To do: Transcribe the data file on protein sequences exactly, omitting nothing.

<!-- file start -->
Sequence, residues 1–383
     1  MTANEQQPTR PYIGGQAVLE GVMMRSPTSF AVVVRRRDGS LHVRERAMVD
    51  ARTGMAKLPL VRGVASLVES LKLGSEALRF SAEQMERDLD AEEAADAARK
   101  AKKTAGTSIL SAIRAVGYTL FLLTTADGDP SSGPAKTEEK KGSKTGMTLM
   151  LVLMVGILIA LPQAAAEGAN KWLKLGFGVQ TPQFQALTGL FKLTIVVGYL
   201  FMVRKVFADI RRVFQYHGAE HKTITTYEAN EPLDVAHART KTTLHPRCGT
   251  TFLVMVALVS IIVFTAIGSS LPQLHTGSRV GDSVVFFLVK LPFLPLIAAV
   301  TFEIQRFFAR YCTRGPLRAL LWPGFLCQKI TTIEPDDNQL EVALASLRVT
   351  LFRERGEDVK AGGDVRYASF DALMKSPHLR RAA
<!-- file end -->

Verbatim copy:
Sequence, residues 1–383
     1  MTANEQQPTR PYIGGQAVLE GVMMRSPTSF AVVVRRRDGS LHVRERAMVD
    51  ARTGMAKLPL VRGVASLVES LKLGSEALRF SAEQMERDLD AEEAADAARK
   101  AKKTAGTSIL SAIRAVGYTL FLLTTADGDP SSGPAKTEEK KGSKTGMTLM
   151  LVLMVGILIA LPQAAAEGAN KWLKLGFGVQ TPQFQALTGL FKLTIVVGYL
   201  FMVRKVFADI RRVFQYHGAE HKTITTYEAN EPLDVAHART KTTLHPRCGT
   251  TFLVMVALVS IIVFTAIGSS LPQLHTGSRV GDSVVFFLVK LPFLPLIAAV
   301  TFEIQRFFAR YCTRGPLRAL LWPGFLCQKI TTIEPDDNQL EVALASLRVT
   351  LFRERGEDVK AGGDVRYASF DALMKSPHLR RAA